Red Dory Muhamarra with Faux (homemade) Cloumage, Olives and Crispy Pitas

Pork Cutlets with Caramelized Turnips, Coriander, Cloves, Cumin, and Anise

Fresh-Herbed Couscous with Moroccan Preserved Lemon
Ottolenghi Fig, Arugula, and Treviso Salad with Pomegranate Vinaigrette

Easy Lemon Meringue Pie

I’m offering this menu twice — because I LOVE it and because I know that September 28 is short notice for some of you who want to attend. Please do come on the 28th if you can and otherwise, if interested, ink in November 1 and let me know.

If in search of a menu replete with full-bodied, slightly exotic/off-beat flavors, you’ve come to the right place. Each recipe in this Turkish/North African repast is particularly special (full disclosure: the couscous though an utterly delicious — and requisite complement — to the more robust muhammara, pork and salad recipes, may not exactly fit into the category of “special.” That being said, fluffy whole wheat couscous enhanced with lots of fresh herbs and preserved lemon is, without doubt, an easy, versatile side dish you’ll prepare again and again). This menu is ideal now through May. If fresh figs become unavailable, substitute pomegranate seeds.

For those of you who don’t already know it, Muhamarra, a roasted red pepper and walnut dip from Aleppo is heaven on earth. Other ingredients include pomegranate molasses, breadcrumbs, olive oil and garlic. Traditionally eaten as a spread for toast, it is also used as a spicy sauce for kebabs, grilled meats and fish. This recipe that I’ve made for years is adapted from Paula Wolfert. However, last summer when I ordered Muhammara at the wonderful Red Dory in Tiverton RI, it arrived accompanied by cloumage and a scattering of olives. Though you can order cloumage online, I find it’s easier, cheaper, fresher and no less delicious to make a faux version from yogurt and fresh ricotta. Seriously, this dish is a real eye-opener. I love it!!

The pork cutlets with caramelized turnips, coriander, cloves, cumin, and anise dish is a pork version of an Alain Senderens/Lucas Carton duck magret recipe. If enough of you prefer, we can make it with duck in class (or maybe do both?) but I’ve found that though I myself ADORE both roasted duck and the magrets (large breasts), many people don’t and sadly don’t sign up for duck classes…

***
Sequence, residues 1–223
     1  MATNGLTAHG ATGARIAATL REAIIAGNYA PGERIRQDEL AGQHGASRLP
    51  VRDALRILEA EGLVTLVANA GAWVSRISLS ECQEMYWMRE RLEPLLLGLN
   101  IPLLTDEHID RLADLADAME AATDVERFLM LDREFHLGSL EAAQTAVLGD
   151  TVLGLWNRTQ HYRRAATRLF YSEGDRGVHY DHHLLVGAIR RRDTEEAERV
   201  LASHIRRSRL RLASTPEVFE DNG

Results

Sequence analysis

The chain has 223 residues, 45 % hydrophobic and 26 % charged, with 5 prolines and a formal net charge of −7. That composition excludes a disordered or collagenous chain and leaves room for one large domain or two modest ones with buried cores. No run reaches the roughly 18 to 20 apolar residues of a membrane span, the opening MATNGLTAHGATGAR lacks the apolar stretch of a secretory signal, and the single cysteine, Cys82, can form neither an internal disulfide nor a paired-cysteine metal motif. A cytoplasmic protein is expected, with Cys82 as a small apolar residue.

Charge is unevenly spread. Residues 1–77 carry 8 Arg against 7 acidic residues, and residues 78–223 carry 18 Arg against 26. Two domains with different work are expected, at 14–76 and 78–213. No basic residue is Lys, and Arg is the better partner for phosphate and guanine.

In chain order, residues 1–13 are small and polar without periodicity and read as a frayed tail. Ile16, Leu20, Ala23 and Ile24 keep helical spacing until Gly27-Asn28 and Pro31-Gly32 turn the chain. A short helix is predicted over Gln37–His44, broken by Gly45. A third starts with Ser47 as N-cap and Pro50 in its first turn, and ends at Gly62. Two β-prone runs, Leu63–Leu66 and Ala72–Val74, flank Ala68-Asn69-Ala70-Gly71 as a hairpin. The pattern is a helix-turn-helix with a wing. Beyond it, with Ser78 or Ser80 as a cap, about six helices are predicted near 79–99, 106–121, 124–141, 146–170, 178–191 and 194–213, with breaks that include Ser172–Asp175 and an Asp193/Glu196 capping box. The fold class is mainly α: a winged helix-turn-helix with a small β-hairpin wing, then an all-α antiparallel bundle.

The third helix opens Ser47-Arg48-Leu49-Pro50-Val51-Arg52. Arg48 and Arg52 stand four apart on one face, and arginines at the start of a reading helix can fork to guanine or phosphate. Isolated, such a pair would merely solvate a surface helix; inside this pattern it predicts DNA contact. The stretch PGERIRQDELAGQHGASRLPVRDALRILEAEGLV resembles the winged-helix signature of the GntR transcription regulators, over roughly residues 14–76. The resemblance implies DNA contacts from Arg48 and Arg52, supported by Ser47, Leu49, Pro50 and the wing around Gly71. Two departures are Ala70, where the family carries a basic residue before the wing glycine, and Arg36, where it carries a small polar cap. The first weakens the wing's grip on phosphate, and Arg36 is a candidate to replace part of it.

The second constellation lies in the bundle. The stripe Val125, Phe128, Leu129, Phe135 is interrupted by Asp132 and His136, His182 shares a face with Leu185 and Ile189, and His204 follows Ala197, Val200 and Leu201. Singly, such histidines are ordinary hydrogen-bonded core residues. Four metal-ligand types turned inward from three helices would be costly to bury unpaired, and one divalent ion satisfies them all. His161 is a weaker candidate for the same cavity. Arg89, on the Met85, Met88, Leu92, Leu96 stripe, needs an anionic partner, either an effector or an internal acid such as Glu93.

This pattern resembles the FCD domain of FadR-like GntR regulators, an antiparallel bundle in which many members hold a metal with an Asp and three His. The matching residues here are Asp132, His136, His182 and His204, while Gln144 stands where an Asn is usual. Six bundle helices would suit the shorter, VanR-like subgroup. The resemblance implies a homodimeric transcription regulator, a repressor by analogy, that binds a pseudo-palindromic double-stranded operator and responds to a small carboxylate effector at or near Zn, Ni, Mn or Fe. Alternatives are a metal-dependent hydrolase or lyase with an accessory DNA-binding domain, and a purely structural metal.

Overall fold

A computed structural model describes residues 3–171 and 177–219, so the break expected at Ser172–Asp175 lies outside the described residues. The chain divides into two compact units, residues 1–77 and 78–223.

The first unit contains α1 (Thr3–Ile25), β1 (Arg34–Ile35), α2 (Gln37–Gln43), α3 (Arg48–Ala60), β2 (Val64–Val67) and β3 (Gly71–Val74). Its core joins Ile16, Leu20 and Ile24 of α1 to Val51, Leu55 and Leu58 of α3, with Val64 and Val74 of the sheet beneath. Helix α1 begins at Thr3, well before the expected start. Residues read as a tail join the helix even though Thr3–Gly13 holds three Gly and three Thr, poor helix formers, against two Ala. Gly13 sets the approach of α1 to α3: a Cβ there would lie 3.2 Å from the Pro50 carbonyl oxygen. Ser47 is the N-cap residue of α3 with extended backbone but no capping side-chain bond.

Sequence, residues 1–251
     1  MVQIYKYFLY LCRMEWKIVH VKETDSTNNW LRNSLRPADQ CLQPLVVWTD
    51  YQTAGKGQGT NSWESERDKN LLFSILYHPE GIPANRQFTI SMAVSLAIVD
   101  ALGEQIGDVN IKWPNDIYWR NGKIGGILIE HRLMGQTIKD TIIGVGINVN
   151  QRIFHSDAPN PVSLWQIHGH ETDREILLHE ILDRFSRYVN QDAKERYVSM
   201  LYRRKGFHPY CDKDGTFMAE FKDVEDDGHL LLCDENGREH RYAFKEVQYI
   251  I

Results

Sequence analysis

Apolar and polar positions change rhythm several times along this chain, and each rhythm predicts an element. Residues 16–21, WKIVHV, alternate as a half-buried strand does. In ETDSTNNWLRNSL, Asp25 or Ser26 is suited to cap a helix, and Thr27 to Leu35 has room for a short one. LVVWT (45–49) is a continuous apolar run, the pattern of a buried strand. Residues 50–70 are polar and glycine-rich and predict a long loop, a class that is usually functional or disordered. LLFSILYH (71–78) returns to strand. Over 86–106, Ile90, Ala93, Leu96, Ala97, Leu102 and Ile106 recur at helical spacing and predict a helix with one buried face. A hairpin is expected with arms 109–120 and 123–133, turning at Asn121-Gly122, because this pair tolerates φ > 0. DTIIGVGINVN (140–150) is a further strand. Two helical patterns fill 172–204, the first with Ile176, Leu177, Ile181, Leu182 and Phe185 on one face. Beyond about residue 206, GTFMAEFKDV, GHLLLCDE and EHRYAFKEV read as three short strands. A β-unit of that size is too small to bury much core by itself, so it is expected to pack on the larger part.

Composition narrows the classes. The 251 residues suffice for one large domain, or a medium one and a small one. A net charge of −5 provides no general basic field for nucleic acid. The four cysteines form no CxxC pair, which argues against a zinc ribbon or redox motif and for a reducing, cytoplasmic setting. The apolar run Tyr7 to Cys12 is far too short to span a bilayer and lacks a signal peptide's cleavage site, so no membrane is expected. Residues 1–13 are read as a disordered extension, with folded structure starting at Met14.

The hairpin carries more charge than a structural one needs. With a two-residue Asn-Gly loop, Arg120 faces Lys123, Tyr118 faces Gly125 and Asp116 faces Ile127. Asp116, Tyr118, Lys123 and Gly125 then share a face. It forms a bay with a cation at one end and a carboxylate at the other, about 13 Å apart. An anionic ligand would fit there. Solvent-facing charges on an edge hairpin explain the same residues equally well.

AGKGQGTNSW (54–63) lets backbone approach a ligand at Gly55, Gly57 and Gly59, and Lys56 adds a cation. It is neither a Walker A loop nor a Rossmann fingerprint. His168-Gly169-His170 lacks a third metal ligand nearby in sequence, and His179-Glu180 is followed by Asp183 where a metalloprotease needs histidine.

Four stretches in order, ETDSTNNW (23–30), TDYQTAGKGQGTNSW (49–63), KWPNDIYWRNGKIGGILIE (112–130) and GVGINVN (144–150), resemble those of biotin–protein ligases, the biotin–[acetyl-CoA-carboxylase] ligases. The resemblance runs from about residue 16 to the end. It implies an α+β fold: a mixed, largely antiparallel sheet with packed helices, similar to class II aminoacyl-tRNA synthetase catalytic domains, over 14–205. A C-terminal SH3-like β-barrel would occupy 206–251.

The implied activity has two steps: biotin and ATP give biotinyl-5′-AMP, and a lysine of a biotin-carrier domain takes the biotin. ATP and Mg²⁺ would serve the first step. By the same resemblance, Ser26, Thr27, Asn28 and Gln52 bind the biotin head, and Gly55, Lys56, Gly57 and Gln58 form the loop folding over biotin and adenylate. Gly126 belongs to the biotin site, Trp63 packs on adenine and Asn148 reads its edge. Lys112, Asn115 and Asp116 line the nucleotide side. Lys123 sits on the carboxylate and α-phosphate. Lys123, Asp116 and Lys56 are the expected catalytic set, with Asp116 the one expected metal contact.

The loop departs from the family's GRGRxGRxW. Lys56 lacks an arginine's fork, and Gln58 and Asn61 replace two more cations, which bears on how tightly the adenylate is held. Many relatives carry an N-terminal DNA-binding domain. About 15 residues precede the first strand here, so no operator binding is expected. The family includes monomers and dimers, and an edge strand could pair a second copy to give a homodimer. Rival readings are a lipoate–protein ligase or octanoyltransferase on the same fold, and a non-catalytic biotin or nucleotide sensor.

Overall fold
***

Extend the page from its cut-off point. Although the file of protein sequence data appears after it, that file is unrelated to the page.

Anyway, it’s equally delicious with pork. The combination of richly caramelized pears, turnips, and a Middle Eastern spice melange is marvelous and unexpected. The turnips can also be served as a separate side dish with duck, goose, roast pork, lamb or chicken. I’ve even served it occasionally — and successfully — with pan-seared swordfish.

And you can never go wrong with Ottolenghi. Here his simple salad is made less simple/more enticing by the addition of fresh figs and pomegranate molasses. If serving it as a first course rather than as a side dish, you can toss in mild goat cheese, pomegranate seeds, and/or toasted almonds or pignoli.

And the easy lemon meringue pie finale is a great addition to any culinary repertoire. I’ve combined the simplicity and speed of key lime pie type filling and a graham cracker crust with the delicious-ness of crispy, chewy meringue and super tangy lemon. This recipe, which can be made months ahead of time and stored in the freezer (with just the meringue to finish off day of), is one to cherish.

To register for the September 28 Turkish Delight class, click here:

To register for the November 1 Turkish delight class, click here:

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